Sun protection
Sunburn increases your risk of skin cancer. Sunburn doesn’t just happen on holiday – you can burn in the UK, even when it’s cloudy. There’s no safe or healthy way to get a tan. A tan doesn’t protect your skin from the sun’s harmful effects. Don’t rely on sunscreen alone to protect yourself from the sun. Wear suitable clothing and spend time in the shade when the sun’s at its hottest between 11am-3pm. Everyone who’s exposed to UV light is at risk of getting sunburn, but some people are more vulnerable than others. You may be more vulnerable if you:

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Kingfisher Pond – progress at last?

If you’ve been reading your Longstanton Life or attending Community Forums, you will be aware of the ongoing struggle to return the so-called ‘Kingfisher Pond’ to something like its former state, as it was before the clearance of the Northstowe site. Since that time, the water table has dropped significantly and last winter the pond was essentially empty and became choked with weeds. This year, the water level has increased but remains well below what is needed if the pond is once again to support the variety of wildlife it hosted as little as 3 or 4 years ago.

There has been a lengthy discussion involving the site developers, Longstanton Parish Council, South Cambs District Council, and the Longstanton & District Heritage Society over what should be done- and by whom – to restore the health of the pond. Gallaghers, the developers, agreed before clearing the Northstowe site that they would maintain the pond in good condition, but it has taken considerable efforts – notably by the Longstanton & District Heritage Society – to motivate them to actually take positive steps to this end.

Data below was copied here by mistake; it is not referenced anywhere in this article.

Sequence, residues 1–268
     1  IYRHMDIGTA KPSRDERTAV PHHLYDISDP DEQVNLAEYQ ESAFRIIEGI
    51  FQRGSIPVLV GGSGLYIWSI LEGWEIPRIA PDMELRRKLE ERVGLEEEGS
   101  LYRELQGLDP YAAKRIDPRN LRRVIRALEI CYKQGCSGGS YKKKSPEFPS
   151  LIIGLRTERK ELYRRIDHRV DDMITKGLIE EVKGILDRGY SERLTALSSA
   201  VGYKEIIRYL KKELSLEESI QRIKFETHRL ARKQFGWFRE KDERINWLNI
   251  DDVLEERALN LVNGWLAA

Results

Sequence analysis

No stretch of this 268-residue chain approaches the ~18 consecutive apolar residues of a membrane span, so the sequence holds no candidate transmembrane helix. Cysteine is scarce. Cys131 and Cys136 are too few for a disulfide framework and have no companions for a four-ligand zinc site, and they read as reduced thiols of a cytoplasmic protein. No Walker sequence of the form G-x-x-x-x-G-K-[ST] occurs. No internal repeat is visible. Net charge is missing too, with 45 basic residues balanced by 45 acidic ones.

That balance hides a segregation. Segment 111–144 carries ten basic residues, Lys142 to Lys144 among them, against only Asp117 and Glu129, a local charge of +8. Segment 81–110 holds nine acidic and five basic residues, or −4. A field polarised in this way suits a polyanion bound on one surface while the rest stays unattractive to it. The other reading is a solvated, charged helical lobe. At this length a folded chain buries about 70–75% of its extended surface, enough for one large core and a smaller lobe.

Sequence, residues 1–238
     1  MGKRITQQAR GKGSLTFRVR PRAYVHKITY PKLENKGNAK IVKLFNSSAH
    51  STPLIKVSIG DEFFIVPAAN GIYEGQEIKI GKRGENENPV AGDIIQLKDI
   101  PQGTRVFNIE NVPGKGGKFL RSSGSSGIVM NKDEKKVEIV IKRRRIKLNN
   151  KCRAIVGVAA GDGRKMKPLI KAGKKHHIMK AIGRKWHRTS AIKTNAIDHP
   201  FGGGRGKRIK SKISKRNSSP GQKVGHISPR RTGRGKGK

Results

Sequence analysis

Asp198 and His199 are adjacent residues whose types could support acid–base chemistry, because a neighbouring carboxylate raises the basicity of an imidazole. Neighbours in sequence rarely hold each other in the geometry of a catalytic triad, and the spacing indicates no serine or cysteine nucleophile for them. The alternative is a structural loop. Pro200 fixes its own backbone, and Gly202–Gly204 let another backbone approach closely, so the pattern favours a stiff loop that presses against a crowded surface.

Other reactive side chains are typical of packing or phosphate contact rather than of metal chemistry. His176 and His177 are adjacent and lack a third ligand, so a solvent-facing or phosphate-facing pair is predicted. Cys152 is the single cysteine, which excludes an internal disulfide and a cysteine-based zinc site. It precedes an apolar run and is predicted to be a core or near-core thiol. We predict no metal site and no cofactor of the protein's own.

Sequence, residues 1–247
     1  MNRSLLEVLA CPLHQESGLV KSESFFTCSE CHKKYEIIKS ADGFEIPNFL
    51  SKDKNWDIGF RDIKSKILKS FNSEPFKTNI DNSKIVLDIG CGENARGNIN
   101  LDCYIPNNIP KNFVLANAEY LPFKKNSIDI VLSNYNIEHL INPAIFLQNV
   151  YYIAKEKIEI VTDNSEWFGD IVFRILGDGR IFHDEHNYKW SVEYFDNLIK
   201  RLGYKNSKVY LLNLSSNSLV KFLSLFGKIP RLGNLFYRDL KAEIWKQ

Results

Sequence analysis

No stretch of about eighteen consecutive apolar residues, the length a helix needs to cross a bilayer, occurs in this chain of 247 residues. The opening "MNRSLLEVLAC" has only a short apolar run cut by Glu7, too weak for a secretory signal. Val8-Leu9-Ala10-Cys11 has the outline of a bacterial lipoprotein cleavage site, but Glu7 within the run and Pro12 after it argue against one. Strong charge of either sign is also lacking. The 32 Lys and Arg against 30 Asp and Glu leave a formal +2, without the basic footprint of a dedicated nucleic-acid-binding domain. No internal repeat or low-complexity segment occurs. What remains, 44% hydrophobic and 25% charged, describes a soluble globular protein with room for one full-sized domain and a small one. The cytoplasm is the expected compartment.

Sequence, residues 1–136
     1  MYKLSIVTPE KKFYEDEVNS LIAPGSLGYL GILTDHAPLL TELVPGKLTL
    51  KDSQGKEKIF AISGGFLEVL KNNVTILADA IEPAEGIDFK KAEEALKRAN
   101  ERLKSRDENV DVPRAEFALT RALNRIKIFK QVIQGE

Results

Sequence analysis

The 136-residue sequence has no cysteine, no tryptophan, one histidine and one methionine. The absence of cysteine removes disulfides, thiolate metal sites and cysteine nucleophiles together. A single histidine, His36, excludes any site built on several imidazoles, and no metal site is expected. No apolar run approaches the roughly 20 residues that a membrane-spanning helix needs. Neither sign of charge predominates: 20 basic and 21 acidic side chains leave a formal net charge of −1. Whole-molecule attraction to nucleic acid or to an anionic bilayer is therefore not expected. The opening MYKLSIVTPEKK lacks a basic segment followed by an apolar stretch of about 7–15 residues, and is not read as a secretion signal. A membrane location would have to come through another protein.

At last there is some movement. The SCDC has agreed with the developers to take action to restore the pond. To this end, a meeting will be held next Wednesday, 13th June at 11a.m., at the pond on the Barrett Homes side. Anyone interested in helping to clear the scrub vegetation at the pond is asked to turn up at that time to register their interest, though work is not expected to start before the following week at earliest. The RSPB and the Wildfowl and Wetlands Trust (WWT) are also being approached to see whether they can offer any assistance.

In recent weeks the pond has recovered some of its former lushness, though the water level remains worryingly low. Some (actually 2…) medium-sized fish have been spotted in the water, though it is a mystery where they came from, as the pond was virtually dry last autumn and it is hard to see how they could have survived. Perhaps some local enthusiast is restocking? The plant growth choking the bed of the pond will need to be removed and the surrounding woodland tidied up. In addition, to achieve a viable habitat, more water will need to be added over and above that available naturally. Whether or not kingfishers will ever return remains to be seen.